State of Market Presents Owner-User Opportunity
LOS ANGELES—Owner-users are increasingly
on the lookout for opportunities to buy
an investment-quality building rather
than continuing to lease space. So says CB
Richard Ellis’ Kevin Shannon, who cites
two recent deals to illustrate his point. In
the City of Industry, CA, American Paper
& Plastics recently acquired a
296,960-square-foot building at 500 S.
Seventh Ave. for $15.3 million, and in
Pomona, CA, Maxxsel Apparel bought a
22,135-square-foot building at 1613 W.
2nd St. for $2.7 million.
In the City of Industry transaction, the
buyer purchased the property at a substantial discount to replacement cost in a
supply-constrained submarket with significant economic and physical barriers
In the Pomona transaction, Maxxsel
bought its new building from Long
Beach, CA-based Seventh Street
Development at the Mission-71 Business
Park. Maxxsel had been looking to lease
a smaller building than the one it occu-
pies in Baldwin Park. However, accord-
ing to CBRE’s Kevin Herron, who repre-
sented the buyer, the wholesale apparel
company ultimately decided that by
acquiring a building at a time of record-
low pricing and low financing rates avail-
able through a Small Business
Administration loan, it could achieve a
mortgage payment below what it would
be paying on a lease.
says Marc Posthumus, an owner-user specialist with the company’s San Diego
office. —Natalie Dolce, Bob Howard
SAN JOSE—The latest addition to Grubb &
Ellis Co.’s industrial group is Jeffrey Ball,
who will be an SVP. He joins the company
from Ball & Co. Inc., a private commercial
real estate firm he founded in 2008. ◆
For more executive moves, please visit
Multifamily Builders May See More Work
Multifamily Building Permits
Los Angeles, Q2-2005 to Q4-2015
According to Beacon Economics,
by the end of 2015, multifamily
permits could reach nearly
1,400 units per quarter in Los
Angeles as developers start to
meet pent-up demand for
apartments and other attached-home alternatives
Source: Beacon Economics
Thousands of Permits
Q2-05 Q1-07 Q4-08 Q3-10 Q2-12 Q1-14 Q4-15
Seasonally Adjusted Beacon Forecast
Moving Through the Distressed Asset Cycle
The anticipated flood of distressed assets to hit the market has
not materialized as the cycle crawled through 2009 and the first
half of 2010. Yet recently, banks, special servicers and insurance
companies have accelerated their efforts to foreclose on distressed commercial real estate due to an oversupply of motivated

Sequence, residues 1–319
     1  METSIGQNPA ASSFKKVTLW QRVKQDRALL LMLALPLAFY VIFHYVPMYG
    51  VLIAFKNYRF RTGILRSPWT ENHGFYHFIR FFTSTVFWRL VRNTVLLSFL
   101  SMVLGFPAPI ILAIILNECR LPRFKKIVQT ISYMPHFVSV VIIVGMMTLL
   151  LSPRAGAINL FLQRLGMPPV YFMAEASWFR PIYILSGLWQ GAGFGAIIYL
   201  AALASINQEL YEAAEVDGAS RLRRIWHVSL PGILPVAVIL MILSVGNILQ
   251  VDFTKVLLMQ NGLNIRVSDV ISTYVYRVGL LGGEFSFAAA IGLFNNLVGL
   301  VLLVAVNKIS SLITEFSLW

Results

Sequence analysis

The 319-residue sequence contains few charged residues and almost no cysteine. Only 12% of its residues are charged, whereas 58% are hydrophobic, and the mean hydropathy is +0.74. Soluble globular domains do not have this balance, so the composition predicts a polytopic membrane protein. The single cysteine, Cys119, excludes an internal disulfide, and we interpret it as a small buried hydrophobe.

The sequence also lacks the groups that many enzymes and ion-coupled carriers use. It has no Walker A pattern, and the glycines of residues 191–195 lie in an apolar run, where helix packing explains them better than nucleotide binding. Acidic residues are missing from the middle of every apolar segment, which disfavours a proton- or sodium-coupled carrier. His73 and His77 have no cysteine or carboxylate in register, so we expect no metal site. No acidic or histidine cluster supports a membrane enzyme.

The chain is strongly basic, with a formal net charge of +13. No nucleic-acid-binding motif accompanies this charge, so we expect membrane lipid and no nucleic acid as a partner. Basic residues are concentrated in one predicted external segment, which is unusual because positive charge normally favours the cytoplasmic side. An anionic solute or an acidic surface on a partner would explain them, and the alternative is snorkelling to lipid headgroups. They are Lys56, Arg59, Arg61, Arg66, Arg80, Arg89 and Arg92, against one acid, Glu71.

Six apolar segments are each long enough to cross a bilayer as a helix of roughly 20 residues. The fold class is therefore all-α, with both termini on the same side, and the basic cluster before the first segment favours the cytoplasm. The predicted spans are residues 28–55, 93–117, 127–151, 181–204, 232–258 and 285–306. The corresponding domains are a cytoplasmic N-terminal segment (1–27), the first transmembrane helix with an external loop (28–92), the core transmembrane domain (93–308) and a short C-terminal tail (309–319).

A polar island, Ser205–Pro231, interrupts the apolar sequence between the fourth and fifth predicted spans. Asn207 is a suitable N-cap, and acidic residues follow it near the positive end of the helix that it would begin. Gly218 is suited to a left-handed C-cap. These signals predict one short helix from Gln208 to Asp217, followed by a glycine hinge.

investors and the undersupply of assets.
Now that the process has begun, it is
clear that when the assets are correctly
handled, the pre-foreclosure process
alone is extremely
complex and takes time. Depending on
variables, the pre-foreclosure process can
last up to 12 months.
What strategies might various financial
institutions employ to work through their distressed assets for
the remainder of 2010 and 2011? Foreclosing on commercial
real estate can be time-consuming and expensive. Legal,
receivership and property management fees; unpaid operating
expenses; and unfunded capital expenditures may be deemed
too expensive given the value of the underlying collateral. A
few lenders have ordered receivership-assisted sales, prefer-
By John Strockis
ring to either sell the note or orchestrate a discounted payoff.
This allows them to bypass post-foreclosure holding costs but
requires them to forego some current value.
Other lenders will want to foreclose as soon as possible and
hire a third party asset manager to unlock the value, reduce
operating costs, mitigate ownership risks, stabilize the asset
and sell into a recovering capital market. Still, other groups of
lenders will target to sell their assets 90 days from foreclosure.
Lenders still face obstacles when a foreclosure decision is
made. Do the personal guarantees associated with a loan have
any worth? Is the risk of bankruptcy real? Some of the properties have lacked the appropriate monetary reserves and the
properties may need substantial maintenance. Environmental,
structural and other physical issues likely need investigation.
Asset business planning is essential. Prior to foreclosure, the
lender—and soon-to-be owner—must have a well-developed
plan identifying multiple strategies to recover value supported
by comps, cash flow analysis and risk/rationale assessment.
John Strockis is executive managing director of asset services at Voit Real
Estate Services’ Newport Beach, CA office. He may be contacted at
email@example.com. The views expressed here are the author’s own.